Editor’s Box

This little newsletter is put out whenever we have a chance and is put together for the benefit of members.  Issues with the content or the desire to contribute should be addressed to Dave McCormack at dhmcc@aol.com or call him at 642-9840.

Or go to www.montana-retreads.org for more information.

Ralph Harris Memorial Ride

18 bikes and two cars showed up at the Lone Pine station in Hamilton for the annual ride for tacos in Gibbonsville. 33 of us made it to the Broken Arrow for an early Mexican feed. This year, Joe & Iva decided to add some complexity to riding over the mountains by organizing a poker run in conjunction with the event. Between figuring out if you had a good hand or not and stopping every 10 miles for another card, most of us managed to negotiate the stops and the losses…except for Ed Irwin who had the winning hand. In an act of pure charity, Ed gave some of his winnings back to Joe and Iva in the form of a “tip” for their outstanding efforts. Way to go, Ed. Our thanks to Joe and Iva for the additional fun and to Carol and Sue for schlepping the card table from one spot to the next. Let’s do it again next year, but with a fresh deck of cards. And, maybe by then, Dick Conroy will have his new tire so he can actually ride the route on his bike.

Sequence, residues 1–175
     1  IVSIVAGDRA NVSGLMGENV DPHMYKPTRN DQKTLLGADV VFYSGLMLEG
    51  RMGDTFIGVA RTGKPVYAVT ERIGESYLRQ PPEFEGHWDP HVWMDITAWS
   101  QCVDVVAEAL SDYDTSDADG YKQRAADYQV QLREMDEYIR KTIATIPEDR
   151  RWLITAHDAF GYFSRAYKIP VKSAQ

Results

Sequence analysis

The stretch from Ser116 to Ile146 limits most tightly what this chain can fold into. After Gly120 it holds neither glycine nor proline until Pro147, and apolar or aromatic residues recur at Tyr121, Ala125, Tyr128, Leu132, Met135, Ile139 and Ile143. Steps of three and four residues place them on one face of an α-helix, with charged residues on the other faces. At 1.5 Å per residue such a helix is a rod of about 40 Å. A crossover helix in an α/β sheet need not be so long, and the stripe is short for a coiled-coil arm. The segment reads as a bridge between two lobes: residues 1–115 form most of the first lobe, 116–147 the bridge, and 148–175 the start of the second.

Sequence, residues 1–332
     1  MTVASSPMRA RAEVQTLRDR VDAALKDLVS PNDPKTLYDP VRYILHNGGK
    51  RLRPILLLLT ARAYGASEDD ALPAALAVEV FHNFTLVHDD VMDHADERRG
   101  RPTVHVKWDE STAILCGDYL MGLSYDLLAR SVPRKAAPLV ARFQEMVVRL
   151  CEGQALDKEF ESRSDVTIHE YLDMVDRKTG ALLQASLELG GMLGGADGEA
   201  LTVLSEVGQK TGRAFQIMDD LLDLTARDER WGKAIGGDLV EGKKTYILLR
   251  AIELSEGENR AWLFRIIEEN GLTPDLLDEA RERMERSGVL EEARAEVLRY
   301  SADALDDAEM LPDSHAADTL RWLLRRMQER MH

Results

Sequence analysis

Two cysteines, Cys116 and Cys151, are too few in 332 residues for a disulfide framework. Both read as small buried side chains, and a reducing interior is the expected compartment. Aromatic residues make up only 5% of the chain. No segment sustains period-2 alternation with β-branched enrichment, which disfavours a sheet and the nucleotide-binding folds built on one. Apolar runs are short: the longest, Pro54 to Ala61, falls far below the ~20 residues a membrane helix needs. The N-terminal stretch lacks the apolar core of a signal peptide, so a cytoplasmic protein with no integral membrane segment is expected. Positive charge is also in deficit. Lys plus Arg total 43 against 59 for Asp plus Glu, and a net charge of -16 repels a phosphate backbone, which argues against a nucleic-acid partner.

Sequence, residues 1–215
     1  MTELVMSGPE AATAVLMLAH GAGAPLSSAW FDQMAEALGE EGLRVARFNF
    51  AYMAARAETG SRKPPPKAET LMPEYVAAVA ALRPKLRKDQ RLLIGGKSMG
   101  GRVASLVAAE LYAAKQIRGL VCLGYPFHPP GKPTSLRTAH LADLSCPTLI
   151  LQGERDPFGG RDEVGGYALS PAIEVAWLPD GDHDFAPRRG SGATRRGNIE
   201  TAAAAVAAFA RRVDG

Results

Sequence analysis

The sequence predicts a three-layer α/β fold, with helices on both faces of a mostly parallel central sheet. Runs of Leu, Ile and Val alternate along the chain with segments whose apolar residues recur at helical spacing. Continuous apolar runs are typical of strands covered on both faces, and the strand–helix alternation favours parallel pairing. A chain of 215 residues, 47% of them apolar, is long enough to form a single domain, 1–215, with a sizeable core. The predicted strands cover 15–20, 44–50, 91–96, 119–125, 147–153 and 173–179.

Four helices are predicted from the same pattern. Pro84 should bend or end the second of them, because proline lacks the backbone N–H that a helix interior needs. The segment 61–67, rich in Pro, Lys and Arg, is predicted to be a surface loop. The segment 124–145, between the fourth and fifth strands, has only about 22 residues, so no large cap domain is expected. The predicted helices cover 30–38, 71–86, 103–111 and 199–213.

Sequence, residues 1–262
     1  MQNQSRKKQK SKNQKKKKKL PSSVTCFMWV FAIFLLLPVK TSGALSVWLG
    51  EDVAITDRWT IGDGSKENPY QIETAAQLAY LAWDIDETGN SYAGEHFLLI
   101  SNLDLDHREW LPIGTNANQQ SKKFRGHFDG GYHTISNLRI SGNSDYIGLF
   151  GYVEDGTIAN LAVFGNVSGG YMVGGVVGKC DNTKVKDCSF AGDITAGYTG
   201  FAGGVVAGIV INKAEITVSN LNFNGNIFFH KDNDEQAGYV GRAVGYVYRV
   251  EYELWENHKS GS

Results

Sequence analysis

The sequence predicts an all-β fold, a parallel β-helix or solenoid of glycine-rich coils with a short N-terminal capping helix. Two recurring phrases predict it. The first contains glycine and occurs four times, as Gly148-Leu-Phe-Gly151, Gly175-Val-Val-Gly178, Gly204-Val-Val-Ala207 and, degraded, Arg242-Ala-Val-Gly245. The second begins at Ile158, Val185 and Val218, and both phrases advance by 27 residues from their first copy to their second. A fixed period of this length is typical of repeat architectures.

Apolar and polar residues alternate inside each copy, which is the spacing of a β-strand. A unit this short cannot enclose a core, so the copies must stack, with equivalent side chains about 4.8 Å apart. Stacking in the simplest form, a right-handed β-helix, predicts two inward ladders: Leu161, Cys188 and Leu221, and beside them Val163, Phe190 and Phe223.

Joe’s still trying to get the players correctly at the next to last stop

JT and the gang scarfing up good Mexican eats.
Just sitting around trying to pretend we’re not hungry
.
 

 
 

See More Event Pictures at www.montana-retreads.org

Thought for the Day
 
“Even a dead fish can swim downstream”